Trump tells supporters ‘you don’t have to vote’ at New Hampshire rally

Trump tells supporters ‘you don’t have to vote’ at New Hampshire rally

Donald Trump suggested his supporters don’t have to vote and compared himself to Nelson Mandela on Monday during an outlandish campaign speech in New Hampshire.

As the former president repeated familiar, baseless claims about previous elections being rigged and stolen from him, he told attendees in Derry they should monitor other voters instead of casting their own ballots.

"So we have to be careful, you gotta get out there and you got to watch those voters," Mr Trump said. "You don’t have to vote, don’t worry about voting. The voting, we got plenty of votes, you gotta watch."

The comments prompted criticism from a member of the Ron DeSantis campaign.

“This is the type of talk that loses elections,” press secretary Bryan Griffin wrote on X.

A Trump campaign spokesperson later told Insider the remarks were not a literal call not to vote, but rather a warning about election security.

"He was clearly talking about election integrity and making sure only legal votes are counted, and not letting what happened in 2020 happen again,” the campaign official said.

Mr Trump’s appearance in New Hampshire, where he formally filed his paperwork to join the state’s key 2024 presidential primary, was filed with other bizarre moments.

Mr Trump compared his thoroughly discredited fight against the 2020 election to the work of South African anti-apartheid figure Nelson Mandela.

“If you want to challenge the result of an election, they hound you,” Mr Trump said. “But we don’t get scared — we don’t get scared. I’ll tell you what, I don’t mind being Nelson Mandela, because I’m doing it for a reason.”

Prior to his speech, Mr Trump – who had a lengthy record of legal battles even before his time in national office, when he was impeached twice, and his post-presidency, where he has been indicted multiple times by state and federal officials – said the word indictment was practically never used until the Biden administration.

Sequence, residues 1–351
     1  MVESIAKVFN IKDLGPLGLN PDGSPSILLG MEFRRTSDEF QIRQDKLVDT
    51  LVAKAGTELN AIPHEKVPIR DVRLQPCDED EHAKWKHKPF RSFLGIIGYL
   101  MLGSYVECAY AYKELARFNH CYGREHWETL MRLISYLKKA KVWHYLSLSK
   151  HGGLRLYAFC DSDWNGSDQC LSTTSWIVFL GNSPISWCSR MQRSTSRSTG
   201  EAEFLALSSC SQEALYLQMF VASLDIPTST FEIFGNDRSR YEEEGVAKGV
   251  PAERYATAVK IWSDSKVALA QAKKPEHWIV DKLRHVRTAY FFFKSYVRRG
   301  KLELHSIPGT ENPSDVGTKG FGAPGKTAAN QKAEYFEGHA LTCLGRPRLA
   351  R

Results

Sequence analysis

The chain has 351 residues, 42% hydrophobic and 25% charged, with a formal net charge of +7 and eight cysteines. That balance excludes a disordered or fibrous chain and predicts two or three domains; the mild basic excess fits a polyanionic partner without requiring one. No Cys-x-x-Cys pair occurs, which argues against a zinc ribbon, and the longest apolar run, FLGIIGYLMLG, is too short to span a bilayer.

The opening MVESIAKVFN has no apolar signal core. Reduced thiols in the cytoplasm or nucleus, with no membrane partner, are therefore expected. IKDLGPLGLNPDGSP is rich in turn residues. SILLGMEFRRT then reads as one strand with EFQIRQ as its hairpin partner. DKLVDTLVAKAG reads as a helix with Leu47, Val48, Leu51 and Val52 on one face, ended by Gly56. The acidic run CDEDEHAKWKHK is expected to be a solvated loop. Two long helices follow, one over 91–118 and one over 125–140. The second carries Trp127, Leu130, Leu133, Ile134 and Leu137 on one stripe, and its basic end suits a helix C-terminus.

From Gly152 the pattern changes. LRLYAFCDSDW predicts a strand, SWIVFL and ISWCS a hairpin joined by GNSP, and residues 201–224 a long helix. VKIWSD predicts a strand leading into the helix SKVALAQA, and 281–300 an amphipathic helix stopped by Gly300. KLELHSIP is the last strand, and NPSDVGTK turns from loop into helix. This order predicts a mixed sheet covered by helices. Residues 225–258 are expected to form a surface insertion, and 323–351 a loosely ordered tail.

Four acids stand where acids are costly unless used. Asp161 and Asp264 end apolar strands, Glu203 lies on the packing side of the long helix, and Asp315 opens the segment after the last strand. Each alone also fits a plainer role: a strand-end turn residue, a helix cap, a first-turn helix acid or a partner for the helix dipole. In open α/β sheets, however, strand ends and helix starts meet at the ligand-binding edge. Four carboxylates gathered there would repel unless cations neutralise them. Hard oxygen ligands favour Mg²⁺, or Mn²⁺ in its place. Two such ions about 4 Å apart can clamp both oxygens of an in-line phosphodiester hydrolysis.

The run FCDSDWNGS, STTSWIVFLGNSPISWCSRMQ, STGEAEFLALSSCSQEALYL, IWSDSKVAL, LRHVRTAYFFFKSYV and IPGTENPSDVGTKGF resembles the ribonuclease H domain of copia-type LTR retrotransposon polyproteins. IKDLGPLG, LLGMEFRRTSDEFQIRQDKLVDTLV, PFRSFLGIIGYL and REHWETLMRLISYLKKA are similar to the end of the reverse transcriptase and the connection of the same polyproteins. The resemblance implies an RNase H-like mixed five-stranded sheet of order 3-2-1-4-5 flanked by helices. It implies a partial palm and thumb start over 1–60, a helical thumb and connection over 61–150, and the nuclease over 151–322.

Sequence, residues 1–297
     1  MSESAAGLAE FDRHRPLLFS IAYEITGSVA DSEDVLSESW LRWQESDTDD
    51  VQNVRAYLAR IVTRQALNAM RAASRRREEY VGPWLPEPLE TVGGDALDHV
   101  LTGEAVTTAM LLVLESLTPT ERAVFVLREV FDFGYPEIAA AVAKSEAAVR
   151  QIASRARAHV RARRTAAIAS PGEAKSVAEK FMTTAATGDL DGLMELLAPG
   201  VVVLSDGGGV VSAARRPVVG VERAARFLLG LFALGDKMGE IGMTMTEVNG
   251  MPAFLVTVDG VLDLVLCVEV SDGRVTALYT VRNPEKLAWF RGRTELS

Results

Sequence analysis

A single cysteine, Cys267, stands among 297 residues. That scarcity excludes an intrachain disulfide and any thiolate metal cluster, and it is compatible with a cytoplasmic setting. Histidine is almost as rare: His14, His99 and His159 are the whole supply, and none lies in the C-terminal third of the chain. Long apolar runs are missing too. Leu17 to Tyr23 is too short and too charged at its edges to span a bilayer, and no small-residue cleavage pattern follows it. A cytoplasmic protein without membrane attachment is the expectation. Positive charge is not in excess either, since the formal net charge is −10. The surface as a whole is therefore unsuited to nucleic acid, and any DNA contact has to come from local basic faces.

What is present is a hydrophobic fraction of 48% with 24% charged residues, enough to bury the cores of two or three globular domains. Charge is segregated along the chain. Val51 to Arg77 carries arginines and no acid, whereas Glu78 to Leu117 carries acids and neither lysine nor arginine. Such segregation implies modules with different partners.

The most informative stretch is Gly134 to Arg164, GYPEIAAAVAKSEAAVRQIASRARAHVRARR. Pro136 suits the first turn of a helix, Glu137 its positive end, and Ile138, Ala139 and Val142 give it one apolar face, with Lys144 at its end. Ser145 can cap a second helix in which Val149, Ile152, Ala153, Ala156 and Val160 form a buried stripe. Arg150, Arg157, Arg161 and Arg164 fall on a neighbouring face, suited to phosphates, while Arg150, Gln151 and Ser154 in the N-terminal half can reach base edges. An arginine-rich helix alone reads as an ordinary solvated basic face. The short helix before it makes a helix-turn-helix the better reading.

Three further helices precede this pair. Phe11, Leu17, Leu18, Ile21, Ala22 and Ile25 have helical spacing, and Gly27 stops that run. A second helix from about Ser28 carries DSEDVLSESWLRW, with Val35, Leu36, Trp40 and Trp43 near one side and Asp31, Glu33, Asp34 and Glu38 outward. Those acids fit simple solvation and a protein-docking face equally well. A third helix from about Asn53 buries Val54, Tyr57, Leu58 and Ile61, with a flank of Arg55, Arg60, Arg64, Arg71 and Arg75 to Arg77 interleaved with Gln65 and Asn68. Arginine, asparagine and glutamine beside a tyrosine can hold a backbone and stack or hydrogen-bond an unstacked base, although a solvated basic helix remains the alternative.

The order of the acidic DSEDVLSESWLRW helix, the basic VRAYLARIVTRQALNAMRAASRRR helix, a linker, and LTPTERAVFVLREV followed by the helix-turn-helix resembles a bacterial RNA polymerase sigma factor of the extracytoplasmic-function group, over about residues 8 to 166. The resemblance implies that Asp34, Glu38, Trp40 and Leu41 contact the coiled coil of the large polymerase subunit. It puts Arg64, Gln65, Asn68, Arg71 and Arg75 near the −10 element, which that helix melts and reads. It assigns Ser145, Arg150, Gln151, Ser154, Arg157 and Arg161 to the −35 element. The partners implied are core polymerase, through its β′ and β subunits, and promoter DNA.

“We did nothing wrong,” Mr Trump said. “This is all Biden. Indictments, impeachments. This is all about Biden. You can’t do anything right. The only thing they know how to do is cheat on elections, election fraud. This is all Biden stuff, all of these indictments in DC. I was never indicted. You practically never heard the word, it wasn’t a word that registered.”

Mr Trump has gotten in hot water with members of his party before for the potential impact of his frequent attacks on the integrity of US elections.

During his own 2020 presidential campaign, and a close US Senate race in Georgia that ended in an upset for the Republicans, some blamed Mr Trump’s unrelenting election conspiracies for GOP losses.

"Telling everyone that the race was stolen when it wasn’t cost the Republicans two Senate seats," conservative Georgia political commentator Erick Erickson said at the time. "The going all-in on the cult of personality around President Trump hurt them as a result. They had to play up this, ‘There’s no way Donald Trump could have lost. It had to be stolen from him.’”

At the time of the elections, Mr Trump was leading an all-out public campaign against the 2020 results, and Trump campaign allies like attorney Lin Wood suggested people shouldn’t vote in the Georgia Senate race.

"Do not be fooled twice. This is Georgia, we ain’t dumb. We ain’t gonna go vote on Jan. 5 on another machine made by China," he said in one election-season speech. "You’re not gonna fool Georgians again."